According to Chen Meifang’s 2009 book, “Defending Xisha: PLA’s Self-Defense Counterattack Operations in Xisha Islands,” the octogenarian Mao made his final war decision with a stroke of his pen and two characters, writing “同意” (agree) on Zhou Enlai’s report accusing South Vietnam of “hegemony and expansion” in Chinese territorial waters. Mao put Ye Jianying and Deng Xiaoping, following his rehabilitation during the Cultural Revolution, in charge.
In the ensuing battle, China swiftly defeated the South Vietnamese army, which by then had been largely abandoned by its previous allies. Over 100 South Vietnamese soldiers were killed or wounded, while 48 soldiers from the Republic of Vietnam and one American liaison officer were captured, compared to 18 Chinese soldiers killed and 67 others wounded. China took pride in winning its first maritime battle.
Chinese nationals have occupied the islands ever since. The largest, Woody Island, now has a permanent population of 1,000 people. It now hosts the capital for Sansha City, the administrative unit under which China claims control of all the maritime features in the South China Sea.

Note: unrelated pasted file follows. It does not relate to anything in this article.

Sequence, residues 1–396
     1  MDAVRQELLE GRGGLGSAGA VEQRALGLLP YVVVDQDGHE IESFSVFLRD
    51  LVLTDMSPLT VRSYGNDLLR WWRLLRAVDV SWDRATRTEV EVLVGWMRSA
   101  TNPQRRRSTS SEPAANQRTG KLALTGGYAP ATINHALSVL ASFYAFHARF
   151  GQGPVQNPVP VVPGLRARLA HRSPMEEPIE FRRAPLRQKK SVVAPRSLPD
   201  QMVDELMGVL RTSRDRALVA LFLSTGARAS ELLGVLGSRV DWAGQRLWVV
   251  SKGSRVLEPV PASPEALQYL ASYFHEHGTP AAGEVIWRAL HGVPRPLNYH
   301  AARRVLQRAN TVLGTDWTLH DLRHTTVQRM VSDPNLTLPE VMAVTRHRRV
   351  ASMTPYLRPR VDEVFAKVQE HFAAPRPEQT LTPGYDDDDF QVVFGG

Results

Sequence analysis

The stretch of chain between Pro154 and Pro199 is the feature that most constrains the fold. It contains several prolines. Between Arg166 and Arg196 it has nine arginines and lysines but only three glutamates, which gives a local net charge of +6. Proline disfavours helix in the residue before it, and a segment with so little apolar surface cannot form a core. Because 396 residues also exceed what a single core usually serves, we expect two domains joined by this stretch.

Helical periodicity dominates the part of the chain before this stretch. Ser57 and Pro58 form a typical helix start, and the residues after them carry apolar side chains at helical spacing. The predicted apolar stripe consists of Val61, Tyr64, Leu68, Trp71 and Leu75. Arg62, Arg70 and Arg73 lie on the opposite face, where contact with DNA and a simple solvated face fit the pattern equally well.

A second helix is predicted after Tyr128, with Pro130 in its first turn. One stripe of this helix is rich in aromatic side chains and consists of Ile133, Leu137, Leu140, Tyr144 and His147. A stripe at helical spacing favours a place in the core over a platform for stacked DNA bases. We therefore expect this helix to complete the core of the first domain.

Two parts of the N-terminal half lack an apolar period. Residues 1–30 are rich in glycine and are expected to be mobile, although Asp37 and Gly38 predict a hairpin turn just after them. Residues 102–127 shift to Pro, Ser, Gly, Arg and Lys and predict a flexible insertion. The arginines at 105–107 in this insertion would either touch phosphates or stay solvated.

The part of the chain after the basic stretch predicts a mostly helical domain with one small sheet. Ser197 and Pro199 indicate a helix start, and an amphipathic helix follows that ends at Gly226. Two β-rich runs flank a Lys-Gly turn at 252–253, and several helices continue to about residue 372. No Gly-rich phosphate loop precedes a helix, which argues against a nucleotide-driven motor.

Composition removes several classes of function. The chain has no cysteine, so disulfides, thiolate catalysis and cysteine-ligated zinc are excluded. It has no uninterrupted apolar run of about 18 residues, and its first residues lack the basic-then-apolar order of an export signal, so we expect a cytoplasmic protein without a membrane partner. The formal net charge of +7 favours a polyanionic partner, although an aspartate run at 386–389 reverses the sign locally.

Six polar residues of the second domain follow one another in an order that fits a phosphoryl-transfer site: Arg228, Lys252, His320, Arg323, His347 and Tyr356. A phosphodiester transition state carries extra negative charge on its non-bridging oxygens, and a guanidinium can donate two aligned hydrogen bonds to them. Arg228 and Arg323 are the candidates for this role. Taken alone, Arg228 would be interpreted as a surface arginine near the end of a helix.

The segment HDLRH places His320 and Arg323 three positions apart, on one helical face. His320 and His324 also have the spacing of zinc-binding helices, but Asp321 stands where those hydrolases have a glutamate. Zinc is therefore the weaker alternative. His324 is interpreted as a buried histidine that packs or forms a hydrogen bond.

Dr. George J. Veith, a historian and author of the 2021 book “Drawn Swords in a Distant Land: South Vietnam’s Shattered Dreams,” said that while the Saigon government was eager to maintain control over the area, the islands were difficult to defend, despite South Vietnam’s years-long attempts to claim sovereignty over the Paracels. At the time of the conflict, South Vietnam had installed a small garrison on one island and maintained naval patrols in the area.
“The Vietnamese Navy ships were old WWII boats given to them by the U.S., the island was hard to resupply, and fighter coverage from the Danang airfields was near the limits of the fuel range of the F-5s. So while Saigon wanted to control the islands and attempted to do so, it was difficult for them,” said Veith via email.
“The Chinese, on the other hand, could mass ships close to the islands. After various provocations by the Chinese, the short naval battle resulted in a defeat for South Vietnam.”
The soon-to-collapse South Vietnam was left to its own devices. In 1972, U.S. President Richard Nixon had traveled to Beijing and started the process of normalizing relations with the People’s Republic of China (PRC). A similar move was made by Japan, though Tokyo continued to support Saigon until its doomsday in 1975. France recognized the PRC and pushed the U.S. to withdraw its troops from Vietnam.